Richards, Tobias
    University of Borås, School of Engineering.
    Bed Agglomeration Characteristics during Cocombustion of Animal Waste with Municipal Solid Waste in a Bubbling Fluidized-Bed Boiler: A Thermodynamic Modeling Approach2014In: Energy & Fuels, ISSN 0887-0624, E-ISSN 1520-5029, Vol. 28, no 3, p. 2236-2247Article in journal (Refereed)
    Abstract [en]

    ABSTRACT: Full-scale waste combustion tests showed that adding animal waste (AW) to municipal solid waste (MSW) prevented bed agglomeration, and the reason for this fi nding was not fully understood. This study uses thermodynamic modeling to investigate the composition of equilibrium products for two combustion scenarios: monocombustion of MSW (the reference case) and cocombustion of AW with MSW (the AW case). The modeling was performed using FactSage, and experimental data obtained during the full-scale combustion tests were used as input data for the calculations. The results of equilibrium modeling, together with information extracted from ternary phase diagrams, suggest higher bed temperature as the primary cause for formation of bed agglomerates in the reference case. In addition, melt-induced agglomeration is suggested as the bed agglomeration mechanism in this case. In the AW case, however, reduced bed temperature, as well as enriched calcium phosphate and sulfate in the bottom ashes are considered to signi fi cantly decrease the slagging tendency.

  • 5.
    Moradian, Farzad
    et al.
    University of Borås, Faculty of Textiles, Engineering and Business.
    Pettersson, Anita
    University of Borås, Faculty of Textiles, Engineering and Business.
    Richards, Tobias
    University of Borås, Faculty of Textiles, Engineering and Business.
    Thermodynamic Equilibrium Model Applied to Predict Fouling Tendency in a Commercial Fluidized-Bed Boiler, Combusting Solid Waste2015In: Energy & Fuels, ISSN 0887-0624, E-ISSN 1520-5029, Vol. 29, no 5, p. 3483-3494Article in journal (Refereed)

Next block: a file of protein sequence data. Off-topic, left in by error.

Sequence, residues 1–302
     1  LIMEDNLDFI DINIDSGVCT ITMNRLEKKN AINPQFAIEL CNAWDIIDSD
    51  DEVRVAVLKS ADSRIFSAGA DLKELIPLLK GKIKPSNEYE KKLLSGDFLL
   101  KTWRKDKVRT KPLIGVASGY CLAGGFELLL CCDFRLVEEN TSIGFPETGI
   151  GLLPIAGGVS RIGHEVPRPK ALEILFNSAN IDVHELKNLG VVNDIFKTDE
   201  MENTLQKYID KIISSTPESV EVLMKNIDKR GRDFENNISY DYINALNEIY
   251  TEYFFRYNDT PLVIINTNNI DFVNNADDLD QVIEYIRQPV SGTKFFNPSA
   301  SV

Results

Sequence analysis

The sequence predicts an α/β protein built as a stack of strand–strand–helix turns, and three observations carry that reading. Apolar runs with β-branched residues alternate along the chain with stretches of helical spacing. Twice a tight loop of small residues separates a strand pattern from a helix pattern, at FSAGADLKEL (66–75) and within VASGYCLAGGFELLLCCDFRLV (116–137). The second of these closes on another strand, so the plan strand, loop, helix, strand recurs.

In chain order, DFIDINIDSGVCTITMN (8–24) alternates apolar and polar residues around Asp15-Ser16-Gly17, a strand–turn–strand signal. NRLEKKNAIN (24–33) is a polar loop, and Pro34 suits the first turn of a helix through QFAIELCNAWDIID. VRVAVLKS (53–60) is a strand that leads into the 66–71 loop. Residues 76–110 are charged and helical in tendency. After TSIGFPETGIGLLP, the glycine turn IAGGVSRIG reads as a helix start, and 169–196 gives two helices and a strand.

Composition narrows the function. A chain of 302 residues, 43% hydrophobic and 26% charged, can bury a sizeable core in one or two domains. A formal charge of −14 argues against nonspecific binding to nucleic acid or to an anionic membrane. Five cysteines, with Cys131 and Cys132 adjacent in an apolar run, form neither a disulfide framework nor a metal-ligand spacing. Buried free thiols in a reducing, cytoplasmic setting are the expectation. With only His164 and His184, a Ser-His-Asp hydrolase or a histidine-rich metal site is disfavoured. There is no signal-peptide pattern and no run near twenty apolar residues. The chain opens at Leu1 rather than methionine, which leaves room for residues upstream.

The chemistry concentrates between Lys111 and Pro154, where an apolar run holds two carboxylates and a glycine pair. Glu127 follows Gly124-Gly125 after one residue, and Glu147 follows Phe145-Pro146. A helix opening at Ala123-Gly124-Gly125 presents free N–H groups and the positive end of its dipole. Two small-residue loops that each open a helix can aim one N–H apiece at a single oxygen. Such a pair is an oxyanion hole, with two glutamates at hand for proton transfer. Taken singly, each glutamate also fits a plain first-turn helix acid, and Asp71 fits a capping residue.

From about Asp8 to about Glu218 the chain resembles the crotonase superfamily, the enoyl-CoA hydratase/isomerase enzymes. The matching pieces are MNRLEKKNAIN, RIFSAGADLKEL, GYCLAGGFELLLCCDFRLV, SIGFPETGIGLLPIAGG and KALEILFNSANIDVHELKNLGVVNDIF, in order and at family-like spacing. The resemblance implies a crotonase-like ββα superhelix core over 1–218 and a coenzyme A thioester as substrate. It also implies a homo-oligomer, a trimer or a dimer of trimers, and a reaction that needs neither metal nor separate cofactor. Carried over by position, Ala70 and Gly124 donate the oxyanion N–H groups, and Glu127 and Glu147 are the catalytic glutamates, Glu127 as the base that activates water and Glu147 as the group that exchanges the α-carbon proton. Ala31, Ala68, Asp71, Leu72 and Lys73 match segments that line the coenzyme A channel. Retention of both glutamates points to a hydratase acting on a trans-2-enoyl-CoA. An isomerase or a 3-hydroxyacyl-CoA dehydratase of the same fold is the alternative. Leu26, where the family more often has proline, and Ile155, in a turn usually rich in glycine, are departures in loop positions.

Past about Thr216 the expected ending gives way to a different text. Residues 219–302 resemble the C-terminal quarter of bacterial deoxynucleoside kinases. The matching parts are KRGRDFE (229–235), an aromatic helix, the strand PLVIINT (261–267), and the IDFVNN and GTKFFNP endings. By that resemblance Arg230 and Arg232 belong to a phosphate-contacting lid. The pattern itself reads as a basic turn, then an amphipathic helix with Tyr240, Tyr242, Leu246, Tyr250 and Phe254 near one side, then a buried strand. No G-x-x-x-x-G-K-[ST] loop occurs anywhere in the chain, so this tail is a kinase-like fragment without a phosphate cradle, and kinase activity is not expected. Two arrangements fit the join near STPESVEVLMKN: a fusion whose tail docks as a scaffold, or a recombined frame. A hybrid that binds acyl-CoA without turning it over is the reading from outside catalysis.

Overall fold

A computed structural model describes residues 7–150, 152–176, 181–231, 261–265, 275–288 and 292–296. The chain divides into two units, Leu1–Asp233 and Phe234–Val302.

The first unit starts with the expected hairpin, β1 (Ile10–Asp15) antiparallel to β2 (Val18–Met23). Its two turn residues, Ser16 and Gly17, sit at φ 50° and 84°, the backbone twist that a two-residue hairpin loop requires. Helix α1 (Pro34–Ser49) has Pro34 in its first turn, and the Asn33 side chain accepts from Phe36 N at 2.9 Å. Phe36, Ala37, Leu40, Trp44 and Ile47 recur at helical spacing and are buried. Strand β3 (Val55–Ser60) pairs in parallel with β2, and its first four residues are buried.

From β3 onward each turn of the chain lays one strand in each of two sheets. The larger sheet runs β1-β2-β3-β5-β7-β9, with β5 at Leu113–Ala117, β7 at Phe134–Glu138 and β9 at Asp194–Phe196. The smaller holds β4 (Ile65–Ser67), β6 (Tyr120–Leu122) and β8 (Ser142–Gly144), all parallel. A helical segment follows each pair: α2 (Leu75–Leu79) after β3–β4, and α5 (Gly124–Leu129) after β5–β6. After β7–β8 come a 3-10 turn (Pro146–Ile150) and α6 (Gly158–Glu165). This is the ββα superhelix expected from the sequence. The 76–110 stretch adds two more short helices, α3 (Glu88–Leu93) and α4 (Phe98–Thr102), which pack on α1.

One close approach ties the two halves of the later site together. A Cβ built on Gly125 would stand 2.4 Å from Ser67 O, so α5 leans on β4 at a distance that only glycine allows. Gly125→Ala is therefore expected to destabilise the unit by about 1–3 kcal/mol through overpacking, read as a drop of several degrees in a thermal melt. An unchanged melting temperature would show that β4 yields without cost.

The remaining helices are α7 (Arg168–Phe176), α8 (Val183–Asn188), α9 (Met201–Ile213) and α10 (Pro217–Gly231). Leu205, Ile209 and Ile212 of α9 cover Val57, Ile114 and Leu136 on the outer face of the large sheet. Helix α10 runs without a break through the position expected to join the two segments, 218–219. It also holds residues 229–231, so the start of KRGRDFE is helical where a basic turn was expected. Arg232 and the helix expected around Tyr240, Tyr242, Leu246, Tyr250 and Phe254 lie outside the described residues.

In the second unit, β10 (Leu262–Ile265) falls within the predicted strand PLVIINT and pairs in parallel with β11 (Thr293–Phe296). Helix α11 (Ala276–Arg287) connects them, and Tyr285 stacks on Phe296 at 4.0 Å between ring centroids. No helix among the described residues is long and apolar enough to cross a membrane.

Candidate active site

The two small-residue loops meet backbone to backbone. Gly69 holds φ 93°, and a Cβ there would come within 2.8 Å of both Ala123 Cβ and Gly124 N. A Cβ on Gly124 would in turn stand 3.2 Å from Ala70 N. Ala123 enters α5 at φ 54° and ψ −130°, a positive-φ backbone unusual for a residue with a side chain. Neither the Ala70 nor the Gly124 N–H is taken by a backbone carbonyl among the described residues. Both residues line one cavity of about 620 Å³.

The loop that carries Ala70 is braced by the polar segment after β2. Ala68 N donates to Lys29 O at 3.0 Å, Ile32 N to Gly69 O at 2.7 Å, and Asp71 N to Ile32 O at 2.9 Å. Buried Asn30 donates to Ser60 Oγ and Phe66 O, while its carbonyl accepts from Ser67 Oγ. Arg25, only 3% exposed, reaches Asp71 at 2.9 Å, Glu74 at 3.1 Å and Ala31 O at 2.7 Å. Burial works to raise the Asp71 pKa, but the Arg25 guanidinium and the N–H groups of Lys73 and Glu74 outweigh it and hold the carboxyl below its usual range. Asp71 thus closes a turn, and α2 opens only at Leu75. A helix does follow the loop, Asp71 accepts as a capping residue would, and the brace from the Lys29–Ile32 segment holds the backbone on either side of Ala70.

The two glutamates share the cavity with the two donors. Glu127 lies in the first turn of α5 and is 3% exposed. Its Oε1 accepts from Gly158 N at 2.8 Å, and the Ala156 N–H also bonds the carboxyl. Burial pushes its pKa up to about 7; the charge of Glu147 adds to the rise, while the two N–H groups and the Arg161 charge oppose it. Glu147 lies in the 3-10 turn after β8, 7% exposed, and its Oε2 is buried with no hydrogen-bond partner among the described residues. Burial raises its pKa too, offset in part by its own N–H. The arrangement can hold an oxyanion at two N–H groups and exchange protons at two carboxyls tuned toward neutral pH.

Abstract [en]

    A thermodynamic equilibrium model, combined with an advanced fuel analysis, was applied to predict the fouling tendency in a commercial bubbling fluidized-bed (BFB) boiler, combusting a mixture of solid waste. In order to enhance the performance of the model, further modifications were made, considering the combustion pattern in the fluidized-bed system and also the temperature profile in the combustion zone. The modeling was performed using Factsage, and experimental data obtained during the full-scale measurements were used as input for the model, simulating the deposit formation in the real boiler. The simulation results were then compared with the results obtained during the full-scale combustion tests to estimate the accuracy and validity of the applied model. The thermodynamic equilibrium modeling proved to be a reliable tool for predicting the fouling in the BFB boiler, thus determining the fraction of the melt in the deposited salts formed on the heat transfer surfaces during the flue gas condensation. The calculations showed that the ratio of the SO2 to alkali chloride concentration in the flue gas was the decisive factor that affected the rate of the deposit formation in the boiler. Both the simulation and the experimental results indicated that lower bed temperatures and cocombustion of P-rich fuels decrease the deposition buildup in the boiler. © 2015 American Chemical Society.

  • 6.
    Tchoffor, Placid
    et al.
    SP Technical Research Institute of Sweden, SE-501 15 Borås, Sweden.
    Moradian, Farzad
    University of Borås, Faculty of Textiles, Engineering and Business.
    Pettersson, Anita
    University of Borås, Faculty of Textiles, Engineering and Business.
    Kent, Davidsson
    SP Technical Research Institute of Sweden, SE-501 15 Borås, Sweden.
    Thunman, Henrik
    Chalmers University of Technology, 412 58 Gothenburg, Sweden.